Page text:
Six months to the day from our Sandy Beach send-off and three months after landing in Ladysmith, British Columbia, we were at the border of Mexico and the USA about to start the next leg of the journey. James and Caroline escorted us through San Diego including a ferry ride across San Diego Harbor for a pleasant ride down “The Strand”.

James, Caroline and Kanaan enjoying the Ferry

With signs plastered in Spanish and few English conversations being heard, it felt like we were in Mexico before even crossing the border. Right before crossing we met a follower biker, Jose, commuting between countries, who offered up advice on getting to Rosarito Beach (our destination for the evening). Going into Mexico is quite an unusual experience for those accustomed to border crossing and we simply walked through a turnstile without even showing our passports.


It was a surreal experience hauling all our stuff and bikes into this new world.  Eventually we got ourselves through the throngs of people and in a position where we were less in the way of traffic. Jose showed us where we needed to get our tourist visas and pointed us south before saying adios. After taking turns going into “Inmigracion” we started our pedal away from the English-speaking world.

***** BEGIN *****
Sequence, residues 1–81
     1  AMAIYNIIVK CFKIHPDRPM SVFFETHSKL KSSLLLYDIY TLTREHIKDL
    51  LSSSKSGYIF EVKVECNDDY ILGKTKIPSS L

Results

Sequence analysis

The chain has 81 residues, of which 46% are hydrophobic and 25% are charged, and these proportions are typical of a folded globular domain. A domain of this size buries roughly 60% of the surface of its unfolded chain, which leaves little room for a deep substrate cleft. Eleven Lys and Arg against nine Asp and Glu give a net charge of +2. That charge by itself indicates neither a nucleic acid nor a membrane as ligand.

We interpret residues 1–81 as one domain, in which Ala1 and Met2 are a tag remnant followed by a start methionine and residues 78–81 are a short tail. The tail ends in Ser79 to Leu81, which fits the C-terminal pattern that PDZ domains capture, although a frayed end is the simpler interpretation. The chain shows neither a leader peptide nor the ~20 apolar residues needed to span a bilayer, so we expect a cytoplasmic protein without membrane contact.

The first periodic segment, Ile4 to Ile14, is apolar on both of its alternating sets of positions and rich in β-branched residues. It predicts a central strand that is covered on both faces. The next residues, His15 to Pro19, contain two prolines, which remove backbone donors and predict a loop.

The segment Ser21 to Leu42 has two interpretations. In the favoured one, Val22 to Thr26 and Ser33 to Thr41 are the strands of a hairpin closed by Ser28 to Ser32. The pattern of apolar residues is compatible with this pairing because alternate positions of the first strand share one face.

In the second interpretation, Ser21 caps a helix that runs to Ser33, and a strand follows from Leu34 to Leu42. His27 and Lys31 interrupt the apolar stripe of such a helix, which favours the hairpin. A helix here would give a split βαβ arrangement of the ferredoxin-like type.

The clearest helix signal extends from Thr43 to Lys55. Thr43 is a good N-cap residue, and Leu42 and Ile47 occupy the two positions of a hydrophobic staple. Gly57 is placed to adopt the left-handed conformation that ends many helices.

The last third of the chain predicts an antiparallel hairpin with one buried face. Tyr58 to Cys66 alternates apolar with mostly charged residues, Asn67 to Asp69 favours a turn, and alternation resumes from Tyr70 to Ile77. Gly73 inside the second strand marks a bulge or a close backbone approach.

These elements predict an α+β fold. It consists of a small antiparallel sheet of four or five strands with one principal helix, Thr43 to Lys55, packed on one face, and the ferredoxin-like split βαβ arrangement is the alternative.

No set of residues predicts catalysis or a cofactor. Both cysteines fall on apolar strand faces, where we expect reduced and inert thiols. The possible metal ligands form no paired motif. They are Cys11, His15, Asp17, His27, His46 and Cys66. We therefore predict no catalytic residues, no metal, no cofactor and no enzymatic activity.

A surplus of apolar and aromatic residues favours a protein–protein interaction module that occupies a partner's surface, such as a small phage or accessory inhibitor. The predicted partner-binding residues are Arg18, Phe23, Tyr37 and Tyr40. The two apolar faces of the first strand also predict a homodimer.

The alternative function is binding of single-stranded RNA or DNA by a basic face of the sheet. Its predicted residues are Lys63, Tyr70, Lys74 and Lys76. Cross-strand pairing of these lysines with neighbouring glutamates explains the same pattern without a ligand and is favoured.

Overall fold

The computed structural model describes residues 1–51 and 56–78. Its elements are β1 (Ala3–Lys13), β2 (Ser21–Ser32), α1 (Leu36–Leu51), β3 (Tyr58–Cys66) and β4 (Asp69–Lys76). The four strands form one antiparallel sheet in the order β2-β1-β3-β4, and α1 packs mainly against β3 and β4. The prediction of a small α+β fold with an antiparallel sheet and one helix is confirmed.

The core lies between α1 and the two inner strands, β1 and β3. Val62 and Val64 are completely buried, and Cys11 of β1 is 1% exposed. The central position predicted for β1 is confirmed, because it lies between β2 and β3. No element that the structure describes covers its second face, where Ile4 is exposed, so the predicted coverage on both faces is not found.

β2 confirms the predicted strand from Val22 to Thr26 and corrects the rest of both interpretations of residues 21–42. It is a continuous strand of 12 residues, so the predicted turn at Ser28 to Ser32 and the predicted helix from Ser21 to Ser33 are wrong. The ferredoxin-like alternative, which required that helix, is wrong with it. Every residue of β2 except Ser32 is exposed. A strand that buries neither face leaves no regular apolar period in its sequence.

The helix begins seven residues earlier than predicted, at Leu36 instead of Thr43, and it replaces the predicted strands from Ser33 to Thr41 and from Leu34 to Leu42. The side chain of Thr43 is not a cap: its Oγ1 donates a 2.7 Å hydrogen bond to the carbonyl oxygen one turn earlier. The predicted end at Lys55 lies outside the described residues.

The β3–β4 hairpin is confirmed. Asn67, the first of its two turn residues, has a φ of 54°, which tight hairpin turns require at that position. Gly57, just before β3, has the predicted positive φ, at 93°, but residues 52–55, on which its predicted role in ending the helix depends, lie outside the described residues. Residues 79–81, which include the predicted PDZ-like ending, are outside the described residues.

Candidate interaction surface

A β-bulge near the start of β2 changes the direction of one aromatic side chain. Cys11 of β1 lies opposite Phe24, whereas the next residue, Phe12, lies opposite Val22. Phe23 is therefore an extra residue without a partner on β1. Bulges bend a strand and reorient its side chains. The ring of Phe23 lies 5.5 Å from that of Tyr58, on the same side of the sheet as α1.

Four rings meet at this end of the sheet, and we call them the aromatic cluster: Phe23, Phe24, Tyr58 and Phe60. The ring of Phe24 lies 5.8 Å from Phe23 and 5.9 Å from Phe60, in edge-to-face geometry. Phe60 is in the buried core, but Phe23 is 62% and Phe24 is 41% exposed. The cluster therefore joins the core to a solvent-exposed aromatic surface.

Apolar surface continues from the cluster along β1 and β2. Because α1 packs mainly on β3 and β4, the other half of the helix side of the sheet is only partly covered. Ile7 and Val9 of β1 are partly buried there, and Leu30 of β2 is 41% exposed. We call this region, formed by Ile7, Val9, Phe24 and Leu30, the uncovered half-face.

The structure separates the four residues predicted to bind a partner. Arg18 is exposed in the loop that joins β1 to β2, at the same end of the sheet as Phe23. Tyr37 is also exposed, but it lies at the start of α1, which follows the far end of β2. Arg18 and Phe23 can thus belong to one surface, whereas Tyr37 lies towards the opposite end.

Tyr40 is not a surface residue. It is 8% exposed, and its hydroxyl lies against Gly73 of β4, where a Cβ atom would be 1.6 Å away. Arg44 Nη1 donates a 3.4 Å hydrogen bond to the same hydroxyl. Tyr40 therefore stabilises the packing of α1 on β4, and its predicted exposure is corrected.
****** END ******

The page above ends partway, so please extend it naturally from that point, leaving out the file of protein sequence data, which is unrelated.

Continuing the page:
Dodging hockers and restauranteurs offering bike parking and cervezas, we made it to the streets of Tijuana and began pedaling south.  The route out of TJ was simple and we managed to stay together and not get lost. Without much difficulty we reached the edge of the city quickly. The Mexican roads were a surprise and we were happy to find a mix of new roads and roads with wide shoulders mixed in with the pot-holed crumbling asphalt we had heard horror-story of. The Mexican drivers were also a surprise pulling into the far lane as they passed waving their hands and honking their horns in support.